If your job is to market to the trucking industry, you know that events are a key part of any integrated marketing plan. But attending an event can be expensive. In addition to the space at the show, which can be thousands on its own, you have to worry about the cost of displays, collateral, give-aways, promotions, pre-show marketing, and of course travel. All of this can easily add up to tens of thousands of dollars or more.
Spending that much money in just a few days is something that always comes up when it is time to budget for the next year. “Are we really spending thirty-thousand dollars on a booth at this show? How can that possibly be worth it? What do you guys even do there besides drink on the company dime?” These are all valid questions and the answer to all of them is the same: ROI. If you can prove a return on investment that is more than what it costs your company to attend and exhibit at an event, then it doesn’t really matter how much you spend.
But how can you prove the value of exhibiting at a trade show?
Step 1: Track Everything You Spend
The obvious expenses are listed above, but they are important enough to repeat:
- Travel expenses (flights, hotel, meals, etc.)
- Exhibit space
- Shipping the booth and displays to the event
- Collateral/ promotional materials
- Marketing before, during and after the show
- Anything given away at the booth
- Time off for everyone travelling to that show
You would be amazed how many companies don’t actually track everything they spend on at a trade show.
Larger events where the stakes are even higher are often the ones that go un-tracked. All of the money you spend has to come from somewhere. Make sure to keep all of these numbers in one place. This ensures that you can make an informed decision when you are trying to decide what shows to attend next year.
Step 2: Know How Many Leads You Generate
If you are going to spend the money to be at a show then you are going to need a way to generate some leads for your sales team. It might be as simple as a bowl people can drop their business cards into to win a prize or as complex as a pre-show marketing piece that integrates with your company’s CRM.
It doesn’t matter how you do it, the important thing is to track all of the leads your team generates at that event and to keep all of those leads in one place.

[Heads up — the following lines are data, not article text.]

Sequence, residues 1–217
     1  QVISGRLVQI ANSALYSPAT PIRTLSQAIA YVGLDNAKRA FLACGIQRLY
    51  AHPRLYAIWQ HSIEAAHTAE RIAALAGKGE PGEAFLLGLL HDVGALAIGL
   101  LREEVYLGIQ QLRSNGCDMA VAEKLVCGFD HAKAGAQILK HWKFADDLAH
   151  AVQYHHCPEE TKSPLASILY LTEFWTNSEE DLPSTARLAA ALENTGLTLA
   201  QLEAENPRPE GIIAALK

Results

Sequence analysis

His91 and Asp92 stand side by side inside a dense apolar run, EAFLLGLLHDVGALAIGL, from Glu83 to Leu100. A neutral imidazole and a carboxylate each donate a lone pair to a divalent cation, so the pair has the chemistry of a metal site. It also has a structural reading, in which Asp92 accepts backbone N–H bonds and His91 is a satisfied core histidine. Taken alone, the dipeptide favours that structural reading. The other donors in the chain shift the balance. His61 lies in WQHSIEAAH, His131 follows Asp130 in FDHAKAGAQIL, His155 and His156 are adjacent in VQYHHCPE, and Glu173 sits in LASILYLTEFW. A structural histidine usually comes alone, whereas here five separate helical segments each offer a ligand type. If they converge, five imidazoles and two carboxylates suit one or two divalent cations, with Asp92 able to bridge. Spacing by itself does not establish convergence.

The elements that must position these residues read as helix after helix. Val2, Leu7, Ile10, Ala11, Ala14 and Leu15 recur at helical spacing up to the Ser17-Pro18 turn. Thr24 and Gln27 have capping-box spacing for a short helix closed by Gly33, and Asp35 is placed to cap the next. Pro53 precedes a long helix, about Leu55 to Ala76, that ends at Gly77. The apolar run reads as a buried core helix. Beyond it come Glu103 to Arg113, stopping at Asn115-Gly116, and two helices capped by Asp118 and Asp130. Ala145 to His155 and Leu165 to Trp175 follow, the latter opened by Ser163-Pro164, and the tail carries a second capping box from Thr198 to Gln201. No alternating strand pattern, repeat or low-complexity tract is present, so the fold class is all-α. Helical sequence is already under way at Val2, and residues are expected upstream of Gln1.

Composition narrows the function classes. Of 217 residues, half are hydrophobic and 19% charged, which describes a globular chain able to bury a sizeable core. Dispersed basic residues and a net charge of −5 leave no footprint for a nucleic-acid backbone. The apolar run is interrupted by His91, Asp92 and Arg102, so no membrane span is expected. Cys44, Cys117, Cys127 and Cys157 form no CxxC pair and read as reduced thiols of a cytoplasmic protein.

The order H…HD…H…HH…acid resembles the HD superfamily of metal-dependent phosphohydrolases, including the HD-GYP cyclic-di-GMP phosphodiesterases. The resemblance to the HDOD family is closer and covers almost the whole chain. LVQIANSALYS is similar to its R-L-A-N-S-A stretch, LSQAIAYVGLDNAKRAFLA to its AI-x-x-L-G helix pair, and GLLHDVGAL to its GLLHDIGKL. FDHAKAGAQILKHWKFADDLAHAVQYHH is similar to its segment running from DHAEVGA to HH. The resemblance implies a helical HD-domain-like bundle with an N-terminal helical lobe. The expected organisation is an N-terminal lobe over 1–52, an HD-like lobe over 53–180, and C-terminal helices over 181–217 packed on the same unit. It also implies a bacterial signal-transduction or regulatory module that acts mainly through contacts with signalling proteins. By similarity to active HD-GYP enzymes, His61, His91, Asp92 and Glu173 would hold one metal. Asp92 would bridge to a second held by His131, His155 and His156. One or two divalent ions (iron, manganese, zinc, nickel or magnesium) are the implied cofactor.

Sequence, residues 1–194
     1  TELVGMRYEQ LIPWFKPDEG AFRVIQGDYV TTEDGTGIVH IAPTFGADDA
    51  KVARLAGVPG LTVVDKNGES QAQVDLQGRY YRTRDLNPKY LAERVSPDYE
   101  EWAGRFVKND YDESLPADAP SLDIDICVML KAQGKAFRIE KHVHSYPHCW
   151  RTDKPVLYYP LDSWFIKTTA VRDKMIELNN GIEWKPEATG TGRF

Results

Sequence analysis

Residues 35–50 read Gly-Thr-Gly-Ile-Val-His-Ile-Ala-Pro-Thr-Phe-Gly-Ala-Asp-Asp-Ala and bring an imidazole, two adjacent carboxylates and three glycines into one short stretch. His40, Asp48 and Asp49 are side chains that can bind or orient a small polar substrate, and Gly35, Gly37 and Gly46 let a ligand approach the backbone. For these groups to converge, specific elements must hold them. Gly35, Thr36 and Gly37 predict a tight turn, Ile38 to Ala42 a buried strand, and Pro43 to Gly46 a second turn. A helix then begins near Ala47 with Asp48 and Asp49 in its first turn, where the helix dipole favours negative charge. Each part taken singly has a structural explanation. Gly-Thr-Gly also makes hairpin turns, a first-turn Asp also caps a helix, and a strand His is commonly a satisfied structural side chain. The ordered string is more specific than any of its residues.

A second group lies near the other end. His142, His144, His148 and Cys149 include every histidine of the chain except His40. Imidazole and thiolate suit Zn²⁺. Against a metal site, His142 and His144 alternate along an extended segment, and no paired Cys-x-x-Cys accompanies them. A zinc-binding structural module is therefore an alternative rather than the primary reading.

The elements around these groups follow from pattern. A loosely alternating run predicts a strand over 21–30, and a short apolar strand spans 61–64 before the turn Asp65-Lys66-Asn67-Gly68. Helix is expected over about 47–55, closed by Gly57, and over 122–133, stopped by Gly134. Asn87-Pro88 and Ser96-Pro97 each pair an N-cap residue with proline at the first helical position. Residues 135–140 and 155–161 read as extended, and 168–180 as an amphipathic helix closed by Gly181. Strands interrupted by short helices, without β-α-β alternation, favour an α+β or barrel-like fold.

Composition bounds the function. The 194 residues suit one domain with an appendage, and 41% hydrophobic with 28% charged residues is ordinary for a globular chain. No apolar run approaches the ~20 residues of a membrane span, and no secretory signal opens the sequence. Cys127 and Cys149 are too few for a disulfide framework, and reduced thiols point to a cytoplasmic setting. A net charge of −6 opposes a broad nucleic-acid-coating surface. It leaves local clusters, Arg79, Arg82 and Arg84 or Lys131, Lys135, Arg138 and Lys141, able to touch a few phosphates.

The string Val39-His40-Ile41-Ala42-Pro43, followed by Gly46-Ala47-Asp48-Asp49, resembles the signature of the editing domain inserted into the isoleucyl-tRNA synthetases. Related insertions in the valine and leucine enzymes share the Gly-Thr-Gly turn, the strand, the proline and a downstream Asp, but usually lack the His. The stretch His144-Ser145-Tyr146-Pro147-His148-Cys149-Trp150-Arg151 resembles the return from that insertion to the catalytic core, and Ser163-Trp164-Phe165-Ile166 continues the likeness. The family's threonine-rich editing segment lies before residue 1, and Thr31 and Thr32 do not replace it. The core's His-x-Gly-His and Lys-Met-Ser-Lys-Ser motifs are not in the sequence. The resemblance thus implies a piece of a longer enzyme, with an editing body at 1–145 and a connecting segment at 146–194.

An easy way to do this is to create a Google Spreadsheet with a few simple fields of data for each contact. Every night spend a little time in your hotel room entering every business card into this spreadsheet. After the show you and your sales team can make sure that each of your leads is properly contacted. If revenue is generated from any of those leads then you can enter that into this spreadsheet as well. After a just while you will have a very clear and quantifiable picture of how valuable your presence is at each show that your company attends.
Step 3: Run the Numbers
This is the easy part. Subtract the amount you spent on attending the trade show from the revenue you generated from the leads your team gathered. If you end up with a negative number then you have a problem.
Just because you aren’t generating the ROI you want from a show it doesn’t necessarily mean you shouldn’t attend.
It is possible that your target audience simply isn’t at that show. But it is also likely that you just aren’t capitalizing on the audience you have access to. Consider an integrated marketing plan that includes warming up leads and driving traffic to your booth, capitalizing on anyone who stops by your exhibit space, and nurturing the leads you generated.
These three steps may seem daunting. It may be that once you crunch these numbers you won’t like what you find. But knowing what we are doing wrong is the only way to improve. In the end, tracking the ROI on your event presence will be worth it.